An Open Note to Mobile Ad Networks – Show Me The Money

An Open Note to Mobile Ad Networks – Show Me The Money

It seems like once every couple of weeks I’m complaining about the see-saw nature of mobile advertising rates.  Of late, the rates have been what I consider to be abysmal (sub $4 to low $3 CPM).

This is particularly frustrating if you’re serving up between 500,000 and 1,000,000 impressions per month.

And seemingly, just as often, I’m approached by competing ad networks wanting me to switch to their platform.

They always want to talk about how they can pick and choose between several publishers and that their tech is superior.

You know what I want to know?

How much am I going to get paid.  Period.

Seems harsh, but here’s what I’m supplying and risking for switching to any ad publisher: my (or more properly, my app’s) reputation and traffic.

If they are only offering what I’m getting today – or less – what’s the point of even talking?

Today the cycle repeats.  I have an ad network calling to make their pitch, and I can almost predict the spiel.

Mr. Ad Network cubicle guy, you REALLY want my business?

Pay me a signing bonus for switching to your network.  Pay me for the time I have to take to integrate your ad client into my software, unit and system test it to make sure it doesn’t blow up under load, and bake it for 2-3 weeks in the App Store approval queue.

But please, don’t come to me expecting me to switch because you have the best brokering system since bartering began.

Show Me the Money.

Tonight, Tonight, Tonight… Hot Damn! Tonight!

Tonight, Tonight, Tonight… Hot Damn! Tonight!

For those not familiar with the quote in the title, it’s a line from the ubiquitous holiday movie, “A Christmas Story”.

The Old Man jaunts about the living room after receiving a Wester Union telegram informing him of winning a “major award.”

That’s pretty much how I feel this morning.

I just found out I’m one of one hundred “tweeters” invited to the NASA TweetUp during the launch of STS-129 on November 15-16, 2009 at the Kennedy Space Center in Florida.

This is me (the relevant scene is at the 5 minute mark if it doesn’t start right there):

Sign o’ the Times Redux

Sign o’ the Times Redux

Dysfunction Junction

Yesterday I commented on why I wasn’t re-upping on my local Chamber memberships this year.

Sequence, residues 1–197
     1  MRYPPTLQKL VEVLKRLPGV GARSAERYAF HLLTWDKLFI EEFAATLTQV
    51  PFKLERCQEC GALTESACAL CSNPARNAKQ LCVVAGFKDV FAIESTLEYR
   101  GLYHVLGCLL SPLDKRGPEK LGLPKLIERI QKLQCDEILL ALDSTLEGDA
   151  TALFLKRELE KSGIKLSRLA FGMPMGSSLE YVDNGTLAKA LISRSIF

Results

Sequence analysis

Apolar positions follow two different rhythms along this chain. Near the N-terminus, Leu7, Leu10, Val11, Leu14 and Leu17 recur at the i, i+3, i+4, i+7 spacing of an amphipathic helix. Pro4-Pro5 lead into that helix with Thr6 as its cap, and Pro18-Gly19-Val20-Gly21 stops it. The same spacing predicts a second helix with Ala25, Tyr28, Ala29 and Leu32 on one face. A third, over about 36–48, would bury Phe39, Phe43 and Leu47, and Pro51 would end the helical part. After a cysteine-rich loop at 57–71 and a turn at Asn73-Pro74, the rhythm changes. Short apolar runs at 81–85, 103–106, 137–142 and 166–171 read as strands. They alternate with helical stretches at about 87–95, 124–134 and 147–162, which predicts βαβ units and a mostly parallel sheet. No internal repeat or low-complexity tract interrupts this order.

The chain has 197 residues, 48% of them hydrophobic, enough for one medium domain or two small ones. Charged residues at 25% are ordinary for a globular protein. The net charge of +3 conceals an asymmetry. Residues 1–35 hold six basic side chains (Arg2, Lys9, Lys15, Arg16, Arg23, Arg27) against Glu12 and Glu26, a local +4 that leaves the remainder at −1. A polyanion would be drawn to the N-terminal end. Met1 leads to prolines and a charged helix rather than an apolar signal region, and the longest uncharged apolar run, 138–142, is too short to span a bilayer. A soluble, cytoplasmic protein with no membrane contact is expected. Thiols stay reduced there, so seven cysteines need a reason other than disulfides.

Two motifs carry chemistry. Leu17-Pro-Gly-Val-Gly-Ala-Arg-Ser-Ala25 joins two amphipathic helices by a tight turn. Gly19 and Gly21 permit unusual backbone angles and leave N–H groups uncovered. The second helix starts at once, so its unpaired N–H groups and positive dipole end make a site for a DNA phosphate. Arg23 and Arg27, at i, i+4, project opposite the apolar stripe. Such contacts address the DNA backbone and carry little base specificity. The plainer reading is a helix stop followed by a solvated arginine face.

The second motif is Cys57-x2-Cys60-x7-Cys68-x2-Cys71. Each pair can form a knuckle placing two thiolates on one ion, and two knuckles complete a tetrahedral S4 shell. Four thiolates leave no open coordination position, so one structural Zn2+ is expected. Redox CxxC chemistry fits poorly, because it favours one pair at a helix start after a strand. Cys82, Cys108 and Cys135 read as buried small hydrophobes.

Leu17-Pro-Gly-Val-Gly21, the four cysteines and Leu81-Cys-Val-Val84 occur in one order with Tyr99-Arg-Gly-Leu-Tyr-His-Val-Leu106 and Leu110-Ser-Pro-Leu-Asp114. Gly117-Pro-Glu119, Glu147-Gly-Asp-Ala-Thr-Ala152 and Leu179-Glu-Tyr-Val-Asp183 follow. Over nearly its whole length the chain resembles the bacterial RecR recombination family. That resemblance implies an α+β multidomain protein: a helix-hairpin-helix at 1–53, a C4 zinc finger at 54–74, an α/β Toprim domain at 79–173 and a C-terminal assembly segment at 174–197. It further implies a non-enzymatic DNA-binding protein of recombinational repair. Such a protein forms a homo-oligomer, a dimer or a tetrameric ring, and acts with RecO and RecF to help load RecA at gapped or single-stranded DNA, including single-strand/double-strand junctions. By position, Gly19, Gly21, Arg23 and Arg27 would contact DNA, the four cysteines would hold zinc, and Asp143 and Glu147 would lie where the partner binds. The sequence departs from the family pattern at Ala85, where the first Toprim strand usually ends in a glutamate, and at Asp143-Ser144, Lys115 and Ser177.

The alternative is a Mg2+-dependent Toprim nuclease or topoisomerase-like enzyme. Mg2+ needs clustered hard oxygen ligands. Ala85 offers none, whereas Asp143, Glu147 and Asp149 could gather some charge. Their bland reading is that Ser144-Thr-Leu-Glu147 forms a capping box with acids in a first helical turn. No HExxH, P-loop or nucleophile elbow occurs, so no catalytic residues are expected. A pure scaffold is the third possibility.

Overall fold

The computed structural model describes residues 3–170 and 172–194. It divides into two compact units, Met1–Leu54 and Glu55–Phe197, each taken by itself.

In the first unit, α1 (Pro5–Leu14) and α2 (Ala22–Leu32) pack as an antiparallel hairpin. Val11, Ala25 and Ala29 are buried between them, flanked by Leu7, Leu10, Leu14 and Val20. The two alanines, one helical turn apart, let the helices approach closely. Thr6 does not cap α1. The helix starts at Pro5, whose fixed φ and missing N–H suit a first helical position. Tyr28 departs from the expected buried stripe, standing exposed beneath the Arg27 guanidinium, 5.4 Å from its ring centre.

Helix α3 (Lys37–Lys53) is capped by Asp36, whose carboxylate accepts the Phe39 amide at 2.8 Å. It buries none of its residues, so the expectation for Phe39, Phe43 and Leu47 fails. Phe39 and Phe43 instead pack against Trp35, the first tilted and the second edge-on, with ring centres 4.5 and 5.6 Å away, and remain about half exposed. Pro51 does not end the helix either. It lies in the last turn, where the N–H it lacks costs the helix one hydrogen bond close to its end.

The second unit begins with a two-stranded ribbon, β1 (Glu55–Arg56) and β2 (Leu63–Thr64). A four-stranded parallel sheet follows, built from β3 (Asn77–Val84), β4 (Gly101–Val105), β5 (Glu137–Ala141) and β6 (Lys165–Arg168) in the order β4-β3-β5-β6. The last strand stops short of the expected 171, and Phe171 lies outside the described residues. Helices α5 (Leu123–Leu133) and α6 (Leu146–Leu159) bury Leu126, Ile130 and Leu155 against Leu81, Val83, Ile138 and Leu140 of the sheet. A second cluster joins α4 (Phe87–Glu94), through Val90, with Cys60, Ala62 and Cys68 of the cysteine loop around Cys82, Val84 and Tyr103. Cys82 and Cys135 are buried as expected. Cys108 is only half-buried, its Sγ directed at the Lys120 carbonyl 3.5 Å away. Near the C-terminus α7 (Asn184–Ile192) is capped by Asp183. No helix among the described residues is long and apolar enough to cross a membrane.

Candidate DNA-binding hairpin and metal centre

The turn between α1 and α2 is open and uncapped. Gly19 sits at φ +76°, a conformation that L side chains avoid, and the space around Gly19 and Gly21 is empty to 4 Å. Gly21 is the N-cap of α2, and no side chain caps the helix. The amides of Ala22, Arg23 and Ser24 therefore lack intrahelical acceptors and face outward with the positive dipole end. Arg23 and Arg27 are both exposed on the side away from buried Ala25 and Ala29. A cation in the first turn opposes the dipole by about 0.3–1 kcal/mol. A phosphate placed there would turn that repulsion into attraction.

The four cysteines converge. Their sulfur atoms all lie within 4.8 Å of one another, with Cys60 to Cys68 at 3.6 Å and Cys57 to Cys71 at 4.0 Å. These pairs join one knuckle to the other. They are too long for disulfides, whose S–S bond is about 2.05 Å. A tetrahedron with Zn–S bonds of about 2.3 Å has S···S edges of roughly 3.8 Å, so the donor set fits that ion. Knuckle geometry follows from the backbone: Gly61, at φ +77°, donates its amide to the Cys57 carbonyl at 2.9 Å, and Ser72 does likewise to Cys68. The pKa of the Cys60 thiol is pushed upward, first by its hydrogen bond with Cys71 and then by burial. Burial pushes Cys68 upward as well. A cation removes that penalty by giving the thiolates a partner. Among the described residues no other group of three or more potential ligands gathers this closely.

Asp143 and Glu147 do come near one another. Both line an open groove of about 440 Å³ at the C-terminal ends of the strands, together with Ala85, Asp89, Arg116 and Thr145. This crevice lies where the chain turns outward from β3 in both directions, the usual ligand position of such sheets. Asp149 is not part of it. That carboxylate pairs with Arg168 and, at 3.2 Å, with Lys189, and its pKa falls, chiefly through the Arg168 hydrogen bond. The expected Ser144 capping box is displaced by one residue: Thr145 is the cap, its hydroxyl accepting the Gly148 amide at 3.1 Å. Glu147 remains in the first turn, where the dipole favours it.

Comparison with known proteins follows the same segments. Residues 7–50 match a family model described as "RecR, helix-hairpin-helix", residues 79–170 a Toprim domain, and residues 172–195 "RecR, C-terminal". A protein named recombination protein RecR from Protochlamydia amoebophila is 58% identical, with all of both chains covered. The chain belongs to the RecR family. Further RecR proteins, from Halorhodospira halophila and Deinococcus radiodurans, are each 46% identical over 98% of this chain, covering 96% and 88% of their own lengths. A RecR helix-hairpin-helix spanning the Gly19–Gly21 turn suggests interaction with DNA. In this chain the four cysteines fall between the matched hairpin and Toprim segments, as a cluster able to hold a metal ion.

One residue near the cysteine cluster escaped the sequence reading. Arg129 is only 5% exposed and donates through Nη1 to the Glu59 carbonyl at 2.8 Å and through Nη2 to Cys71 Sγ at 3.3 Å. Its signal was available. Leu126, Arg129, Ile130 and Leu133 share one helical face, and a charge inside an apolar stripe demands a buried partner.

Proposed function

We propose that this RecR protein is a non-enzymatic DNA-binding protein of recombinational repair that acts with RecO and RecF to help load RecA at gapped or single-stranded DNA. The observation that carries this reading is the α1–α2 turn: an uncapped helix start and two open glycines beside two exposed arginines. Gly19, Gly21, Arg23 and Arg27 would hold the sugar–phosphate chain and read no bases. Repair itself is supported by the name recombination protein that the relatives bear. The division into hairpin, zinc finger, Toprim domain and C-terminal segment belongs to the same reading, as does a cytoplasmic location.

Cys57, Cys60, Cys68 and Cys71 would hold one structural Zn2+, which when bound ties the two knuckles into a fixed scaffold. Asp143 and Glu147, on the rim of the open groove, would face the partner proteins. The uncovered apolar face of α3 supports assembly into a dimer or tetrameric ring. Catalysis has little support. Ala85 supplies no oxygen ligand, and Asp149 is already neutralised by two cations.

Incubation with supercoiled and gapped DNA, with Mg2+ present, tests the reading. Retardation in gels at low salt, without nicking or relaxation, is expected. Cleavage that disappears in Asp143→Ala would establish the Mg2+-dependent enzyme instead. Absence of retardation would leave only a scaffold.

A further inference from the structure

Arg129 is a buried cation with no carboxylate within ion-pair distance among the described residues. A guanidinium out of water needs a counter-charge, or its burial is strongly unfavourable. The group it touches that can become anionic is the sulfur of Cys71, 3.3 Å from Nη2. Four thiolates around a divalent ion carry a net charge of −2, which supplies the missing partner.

Today, I’d like to offer up what I consider, in my humble opinion, to be what Chambers of Commerce have to do in order to stay relevant in today’s business environment.

I can actually sum it up in three words: More Meaningful Engagement.

But before I offer up concrete examples of how Chambers of Commerce can provide these improved avenues for engagement, let me restate the problem:

The days of simply joining a local Chamber to see and be seen are a thing of the past.  The existing business environment is entirely too fluid to think that offering a window placard and a free ticket to a golf event is going to sway businesses to fork over several hundred – or thousand – dollars a year in order to be “current.”

Chambers have to offer a compelling argument on how they are helping local business succeed.  And, at least for me, my local Chambers are not fulfilling that function.

More Meaningful Engagement

Chambers are now competing with other pay-for-networking organizations (like So-Social and Red Carpet Mondays) and with free networking events (TweetUps, Bar Camps,

Offering big ball room events where there is a speaker, little room or time for physical mobility, and no formal channels for follow up ain’t working.

In order to facilitate meaningful networking, events should be offered in venues where intimate communication can take place among a manageable number of participants.  Many chamber events seem to be designed to allow companies to bring along 5-10 people to a catered affair as a means for promoting the Chamber and not for the participants to offer anything in return.  This is good if you work for one of these companies and are looking for a couple of hours to kill outside the office, but not entirely beneficial if you’re looking to do something that can bring business your way.

The format of a TweetUp is probably the most recognizable format for what I’m talking about, and it is tremendously effective for connecting to like minded people or with people who need what your company is selling.

Listen, Not Just Talk

Most Chamber functions are speaker-centered.  That is, a speaker is touted, the audience shows up, and then leaves.

Why not offer events where Chamber members can tell their own business story in an extended format, where prolonged engagement can occur?

Chambers are supposedly filled with businesses looking to tell their stories, but rarely are afforded the chance to do so under the auspices of their respective member organizations.